Two jaguar cubs born five weeks ago are the new stars at a wildlife park in Mexico, teaching a valuable lesson about conservation with their cuddly cuteness, park officials have said.
The female cubs, who have not yet been named, had to be separated from their parents at 18 days old when one of them developed a skin condition that worried caretakers at Animal Kingdom in San Juan Teotihuacan, outside Mexico City.
They cannot be returned to their mother, who could kill them if she smells the human scent on them.
Nursed back to health, the cubs now frolic and play with their caretakers — who feed them through baby bottles — and explore their enclosure with tentative steps and outsized paws.
It is hard to imagine that in three months’ time they will be too large and dangerous to approach. Female jaguars weigh about 50kg as adults, and males about 80kg — though some reach up to 150kg.
Jaguars are the largest cats in the Americas, and the third-largest in the world, after lions and tigers.
They are also “very precise killers,” park wildlife manager Jose Luis Gonzalez said.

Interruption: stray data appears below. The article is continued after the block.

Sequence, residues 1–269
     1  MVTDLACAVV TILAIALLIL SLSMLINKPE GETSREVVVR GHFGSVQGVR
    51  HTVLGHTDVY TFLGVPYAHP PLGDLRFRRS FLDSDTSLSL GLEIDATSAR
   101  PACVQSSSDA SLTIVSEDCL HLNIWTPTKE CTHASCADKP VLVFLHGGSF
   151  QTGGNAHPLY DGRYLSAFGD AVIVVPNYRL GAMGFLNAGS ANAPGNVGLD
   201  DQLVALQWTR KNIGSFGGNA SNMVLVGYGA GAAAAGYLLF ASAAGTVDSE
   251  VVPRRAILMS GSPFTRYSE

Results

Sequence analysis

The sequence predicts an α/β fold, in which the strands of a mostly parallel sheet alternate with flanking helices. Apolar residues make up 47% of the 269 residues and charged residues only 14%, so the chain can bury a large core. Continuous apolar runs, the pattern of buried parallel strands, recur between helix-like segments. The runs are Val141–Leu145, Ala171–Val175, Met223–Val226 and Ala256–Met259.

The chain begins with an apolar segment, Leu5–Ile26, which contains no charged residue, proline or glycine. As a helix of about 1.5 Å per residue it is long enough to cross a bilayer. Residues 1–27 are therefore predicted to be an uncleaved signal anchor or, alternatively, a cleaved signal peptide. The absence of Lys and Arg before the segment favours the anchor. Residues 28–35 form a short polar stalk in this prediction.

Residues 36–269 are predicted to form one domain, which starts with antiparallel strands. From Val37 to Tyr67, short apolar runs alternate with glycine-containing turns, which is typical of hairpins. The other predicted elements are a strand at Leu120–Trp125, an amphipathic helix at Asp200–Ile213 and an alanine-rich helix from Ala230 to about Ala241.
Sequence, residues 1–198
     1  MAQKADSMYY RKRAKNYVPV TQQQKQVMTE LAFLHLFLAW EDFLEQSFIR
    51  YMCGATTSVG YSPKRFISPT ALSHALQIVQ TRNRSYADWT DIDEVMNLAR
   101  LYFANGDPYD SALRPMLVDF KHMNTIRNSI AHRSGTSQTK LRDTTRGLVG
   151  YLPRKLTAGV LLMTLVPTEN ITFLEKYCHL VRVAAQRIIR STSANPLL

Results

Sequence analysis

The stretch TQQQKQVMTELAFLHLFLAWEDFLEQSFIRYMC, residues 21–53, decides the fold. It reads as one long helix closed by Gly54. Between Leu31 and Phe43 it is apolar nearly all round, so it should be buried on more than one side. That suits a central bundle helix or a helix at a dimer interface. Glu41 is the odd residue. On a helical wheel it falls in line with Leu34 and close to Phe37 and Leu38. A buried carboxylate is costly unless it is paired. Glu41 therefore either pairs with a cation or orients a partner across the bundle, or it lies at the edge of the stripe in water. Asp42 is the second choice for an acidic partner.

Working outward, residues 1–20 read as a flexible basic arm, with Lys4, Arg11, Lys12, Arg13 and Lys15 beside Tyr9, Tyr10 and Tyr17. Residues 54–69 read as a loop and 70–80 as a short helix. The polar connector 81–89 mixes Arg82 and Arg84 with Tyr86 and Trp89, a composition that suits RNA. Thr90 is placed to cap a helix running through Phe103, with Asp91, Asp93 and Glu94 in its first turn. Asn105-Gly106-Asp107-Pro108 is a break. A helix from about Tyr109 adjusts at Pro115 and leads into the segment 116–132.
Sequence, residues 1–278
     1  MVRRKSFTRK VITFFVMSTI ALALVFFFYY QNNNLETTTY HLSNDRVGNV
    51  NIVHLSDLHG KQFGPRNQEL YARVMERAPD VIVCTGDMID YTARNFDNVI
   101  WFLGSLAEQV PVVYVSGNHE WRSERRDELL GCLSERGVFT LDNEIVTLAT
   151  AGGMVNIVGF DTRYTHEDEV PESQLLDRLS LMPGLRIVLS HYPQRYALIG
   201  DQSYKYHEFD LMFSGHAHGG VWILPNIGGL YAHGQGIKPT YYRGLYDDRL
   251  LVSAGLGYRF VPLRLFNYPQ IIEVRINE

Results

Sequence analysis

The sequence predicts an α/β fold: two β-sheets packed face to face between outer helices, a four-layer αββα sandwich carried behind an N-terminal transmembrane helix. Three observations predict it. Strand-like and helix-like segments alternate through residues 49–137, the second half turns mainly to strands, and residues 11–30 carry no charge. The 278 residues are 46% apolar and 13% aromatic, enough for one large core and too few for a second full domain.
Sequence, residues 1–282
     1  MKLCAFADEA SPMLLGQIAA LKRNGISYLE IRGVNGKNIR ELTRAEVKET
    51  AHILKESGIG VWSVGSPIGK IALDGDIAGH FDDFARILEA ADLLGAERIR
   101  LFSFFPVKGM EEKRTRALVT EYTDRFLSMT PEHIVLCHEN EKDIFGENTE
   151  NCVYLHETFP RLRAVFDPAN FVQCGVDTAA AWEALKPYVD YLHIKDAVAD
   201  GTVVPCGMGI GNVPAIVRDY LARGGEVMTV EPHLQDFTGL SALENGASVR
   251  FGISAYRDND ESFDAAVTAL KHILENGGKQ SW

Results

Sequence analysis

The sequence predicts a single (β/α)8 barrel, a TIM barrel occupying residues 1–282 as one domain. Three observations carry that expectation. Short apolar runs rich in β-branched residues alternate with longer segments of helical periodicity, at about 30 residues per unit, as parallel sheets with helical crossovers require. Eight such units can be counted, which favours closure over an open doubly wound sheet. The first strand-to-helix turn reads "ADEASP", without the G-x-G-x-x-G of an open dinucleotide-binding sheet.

Being able to approach them this close is a powerful experience of raw nature, he said.
“Seeing them up close, hearing them, smelling them, touching them. You can never forget that, and it awakens you to something bigger,” he told reporters, holding the cubs in his arms.
Animal Kingdom is trying to capitalize on its young stars’ celebrity to teach visitors, especially children, about conservation.
“Children are the ones who will inherit these species and this planet,” Gonzalez said.
Jaguars are classified as a “near-threatened” species by the International Union for Conservation of Nature, according to which their population has declined by about one-quarter in the past two decades.
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